### Euler's Squares

Euler found four whole numbers such that the sum of any two of the numbers is a perfect square. Three of the numbers that he found are a = 18530, b=65570, c=45986. Find the fourth number, x. You could do this by trial and error, and a spreadsheet would be a good tool for such work. Write down a+x = P^2, b+x = Q^2, c+x = R^2, and then focus on Q^2-R^2=b-c which is known. Moreover you know that Q > sqrtb and R > sqrtc . Use this to show that Q-R is less than or equal to 41 . Use a spreadsheet to calculate values of Q+R , Q and x for values of Q-R from 1 to 41 , and hence to find the value of x for which a+x is a perfect square.

### Odd Differences

The diagram illustrates the formula: 1 + 3 + 5 + ... + (2n - 1) = n² Use the diagram to show that any odd number is the difference of two squares.

### Substitution Cipher

Find the frequency distribution for ordinary English, and use it to help you crack the code.

# Funnel

##### Stage: 4 Challenge Level:
You may have heard the term 'Calculus', it's a big idea in mathematics and so powerful that I find it hard to imagine mathematics without it. It's main technique, differentiation, makes problems like this fairly easy - with a little care over the algebra. So if you are thinking about continuing with mathematics beyond Stage 4, learning about differentiation would be one of the big benefits that await you.

But differentiation is not really Stage 4 mathematics, though very close, so we don't use it in solutions because that would be unfair to students who haven't seen the idea before, it would be like suddenly changing into a language you haven't had a chance to learn yet.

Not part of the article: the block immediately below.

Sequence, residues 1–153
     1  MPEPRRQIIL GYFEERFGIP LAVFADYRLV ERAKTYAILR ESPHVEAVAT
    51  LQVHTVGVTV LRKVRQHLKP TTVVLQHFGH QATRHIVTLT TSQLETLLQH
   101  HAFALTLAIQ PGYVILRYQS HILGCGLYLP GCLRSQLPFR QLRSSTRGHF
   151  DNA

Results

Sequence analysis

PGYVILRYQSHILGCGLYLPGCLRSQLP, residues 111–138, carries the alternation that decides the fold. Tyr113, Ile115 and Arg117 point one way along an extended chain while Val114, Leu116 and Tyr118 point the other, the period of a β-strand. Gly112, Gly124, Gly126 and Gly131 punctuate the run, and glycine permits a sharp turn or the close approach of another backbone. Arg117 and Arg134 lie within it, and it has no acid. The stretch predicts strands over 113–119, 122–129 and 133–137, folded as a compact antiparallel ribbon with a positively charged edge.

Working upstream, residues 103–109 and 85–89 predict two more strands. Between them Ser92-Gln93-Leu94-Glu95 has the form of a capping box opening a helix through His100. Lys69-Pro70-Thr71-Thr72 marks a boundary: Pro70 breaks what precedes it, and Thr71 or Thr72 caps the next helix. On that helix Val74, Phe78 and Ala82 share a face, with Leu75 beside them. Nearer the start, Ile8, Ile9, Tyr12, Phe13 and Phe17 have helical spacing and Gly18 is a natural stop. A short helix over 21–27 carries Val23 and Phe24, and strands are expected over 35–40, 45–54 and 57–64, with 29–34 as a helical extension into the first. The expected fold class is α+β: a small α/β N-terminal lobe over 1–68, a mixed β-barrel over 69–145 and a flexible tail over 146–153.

If that's got you interested why not take a look at Vicky Neale's article : Introduction to Differentiation

And thank-you to David and Berny from Gordonstoun and to Naren from Loughborough Grammar School who sent in great solutions using that technique .

In fact the use of differentiation did more than get an answer. It found the result that the cone needed to have its height 1.41 times bigger than its radius, like the Stage 4 result below, but found it in this more interesting form.
And the value of that is that it suggests a new direction to pursue with this problem : it seems so neat.
Why the square root of 2 ? Is there a connection with the diagonal of a square ? Or is it something else ?

That's maybe a little bit on from us at Stage 4 so here's a way to solve a problem like this using Stage 4 mathematics. It's really 'trial and improvement' but using a spreadsheet to make the calculation effortless. .

We are going to use :
• the radius, which we'll adjust to get nearer and nearer to the answer,
• the height, which will be determined by our choice of radius, so that we get the chosen target volume

• the slant length, which we'll find using r and h and Pythagoras,

• and the surface area, for which there's a great little formula.

The volume of a cone is one third the volume of a cylinder with the same base and height.

If we took the target volume to be 1 litre, 1000 ml, then the formula that connects h and r is
The slant length (s), using Pythagoras, is

And the surface area of a cone is
plus the base if you need it - here we don't.

Incidentally, if you don't know where that surface area formula comes from it may be good to take a moment to look at that. Flatten the curved surface out to get a sector (how do you know it's a sector ?). The radius will be the cone's slant length, so you can calculate the area of the whole circle. To know the proportion that the sector is of that circle compare the sector arc, which is the cone's base circumference, with the circumference of this new circle, radius s.

Back to the funnel and using as little plastic as possible. Take a look at this spreadsheet : Funnel

Can you see what each column does ? Click on a cell and check the formula.

• The first column has increasing radius values which you can control.
• The next column calculates the height, because we knew the volume was 1000 ml
• The radius and height are then used to calculate the slant length.
• And the final column uses the radius and the slant length to calculate the surface area, which we want to be as small as possible
There's even a graph so you can have some sense for how surface area varies as the radius value ranges across your chosen interval.